These new conditions reflect a dramatic improvement for Manning following his transfer to Fort Leavenworth on April 20, 2011, after having suffered extreme solitary-like confinement at US Marine Corps Base Quantico, Virginia. During the nine months at Quantico, Manning was denied meaningful exercise, social interaction, sunlight, and was at times kept completely naked. These conditions were unique to Manning and were illegal under US military law as they clearly amounted to pre-trial punishment.
"I was able to tour the (Fort Leavenworth) facility and meet with PFC Manning last week. PFC Manning is now being held in Medium Custody. He is no longer under.harsh pretrial confinement conditions. Unlike at Quantico, PFC Manning's cell has a large window that provides adequate natural light....PFC Manning is able to have all of his personal items in his cell, which include his clothing, his legal materials, books and letters from family and friends....Each pre-trial area (including PFC Manning's) has four cells, and each pre-trial detainee is assigned to his own cell. The cells are connected to a shared common area, with a table, a treadmill, a television and a shower area....PFC Manning and his group are taken to the outdoor recreation area [for approximately two hours daily]," explained Coombs on his blog at www.armycourtmartialdefense.info hours ago.
"President Obama's recent pronouncement that Bradley Manning 'broke the law' amounts to Unlawful Command Influence, something clearly prohibited because it's devastating to the military justice system. Manning will eventually be judged by a jury of career military officers and noncommissioned officers. Will they be able to set aside the declaration of their commander in chief?" explains attorney Kevin Zeese, a member of the Bradley Manning Support Network. "Along with the illegal pre-trial punishment already inflicted upon Bradley, the government has more than enough legal basis to drop the prosecution. Instead, the death penalty or life in prison hangs over Manning's head."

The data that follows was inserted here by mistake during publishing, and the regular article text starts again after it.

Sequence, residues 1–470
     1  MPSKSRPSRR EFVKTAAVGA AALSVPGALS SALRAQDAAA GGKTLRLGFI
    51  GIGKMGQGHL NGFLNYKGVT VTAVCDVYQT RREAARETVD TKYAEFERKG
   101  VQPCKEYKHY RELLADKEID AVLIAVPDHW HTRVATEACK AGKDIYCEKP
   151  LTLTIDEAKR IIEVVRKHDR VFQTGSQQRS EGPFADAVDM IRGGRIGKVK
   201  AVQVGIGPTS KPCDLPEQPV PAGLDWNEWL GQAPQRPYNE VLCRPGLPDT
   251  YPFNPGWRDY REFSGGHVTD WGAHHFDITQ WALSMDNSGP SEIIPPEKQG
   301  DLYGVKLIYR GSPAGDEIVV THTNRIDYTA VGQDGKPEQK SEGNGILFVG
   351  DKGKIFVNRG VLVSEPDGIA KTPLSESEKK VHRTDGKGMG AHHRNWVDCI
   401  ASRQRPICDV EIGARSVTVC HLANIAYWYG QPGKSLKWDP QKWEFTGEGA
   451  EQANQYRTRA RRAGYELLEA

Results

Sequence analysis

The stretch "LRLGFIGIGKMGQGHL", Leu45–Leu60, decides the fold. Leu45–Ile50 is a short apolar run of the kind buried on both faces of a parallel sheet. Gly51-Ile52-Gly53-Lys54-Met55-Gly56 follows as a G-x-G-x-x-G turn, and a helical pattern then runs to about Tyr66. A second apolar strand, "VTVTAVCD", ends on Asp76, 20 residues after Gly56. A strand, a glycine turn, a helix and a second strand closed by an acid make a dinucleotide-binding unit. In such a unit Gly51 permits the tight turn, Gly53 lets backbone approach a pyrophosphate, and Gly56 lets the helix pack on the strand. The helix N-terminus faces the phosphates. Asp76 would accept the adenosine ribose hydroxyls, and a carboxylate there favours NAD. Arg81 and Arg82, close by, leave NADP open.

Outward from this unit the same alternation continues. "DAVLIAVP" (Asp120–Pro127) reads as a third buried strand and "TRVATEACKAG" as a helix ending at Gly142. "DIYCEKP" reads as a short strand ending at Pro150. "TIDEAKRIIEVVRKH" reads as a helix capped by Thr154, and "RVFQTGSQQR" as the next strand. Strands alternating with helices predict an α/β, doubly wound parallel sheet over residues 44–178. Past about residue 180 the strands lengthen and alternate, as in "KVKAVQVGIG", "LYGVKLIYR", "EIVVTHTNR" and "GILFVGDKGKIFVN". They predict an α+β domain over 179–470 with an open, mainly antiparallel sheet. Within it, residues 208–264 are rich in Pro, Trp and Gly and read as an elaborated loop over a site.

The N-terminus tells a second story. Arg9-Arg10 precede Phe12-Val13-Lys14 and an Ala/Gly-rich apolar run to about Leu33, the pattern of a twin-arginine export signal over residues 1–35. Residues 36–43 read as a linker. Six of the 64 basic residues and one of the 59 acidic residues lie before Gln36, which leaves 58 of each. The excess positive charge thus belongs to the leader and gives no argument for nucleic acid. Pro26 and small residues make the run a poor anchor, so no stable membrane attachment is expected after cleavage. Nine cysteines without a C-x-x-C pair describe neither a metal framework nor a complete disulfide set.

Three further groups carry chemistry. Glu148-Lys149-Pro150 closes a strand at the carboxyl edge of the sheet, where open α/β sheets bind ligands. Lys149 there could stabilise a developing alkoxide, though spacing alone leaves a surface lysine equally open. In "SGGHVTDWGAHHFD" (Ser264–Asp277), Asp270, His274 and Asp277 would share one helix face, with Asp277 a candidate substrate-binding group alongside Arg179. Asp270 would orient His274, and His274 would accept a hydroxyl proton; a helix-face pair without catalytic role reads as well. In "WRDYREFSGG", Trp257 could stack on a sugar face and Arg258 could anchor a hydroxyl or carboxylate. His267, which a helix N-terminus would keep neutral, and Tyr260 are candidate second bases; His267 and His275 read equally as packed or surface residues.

After nearly a year in confinement, the Army is expected to soon announce Manning's first public hearing, an Article 32 pre-trail proceeding, which will be held in the Washington DC area. Scores of international solidarity events are already being planned.
US Army intelligence analyst Private First Class Bradley E. Manning, 23-years-old, was arrested in Iraq on May 26, 2010. He still awaits his first public court hearing, now expected to begin in June 2011. Over 4,300 individuals have contributed over $333,000 towards PFC Manning's legal fees and related public education efforts. The Bradley Manning Support Network is dedicated to thwarting the military's attempts to hold a secret court martial, and to eventually winning the freedom of PFC Manning.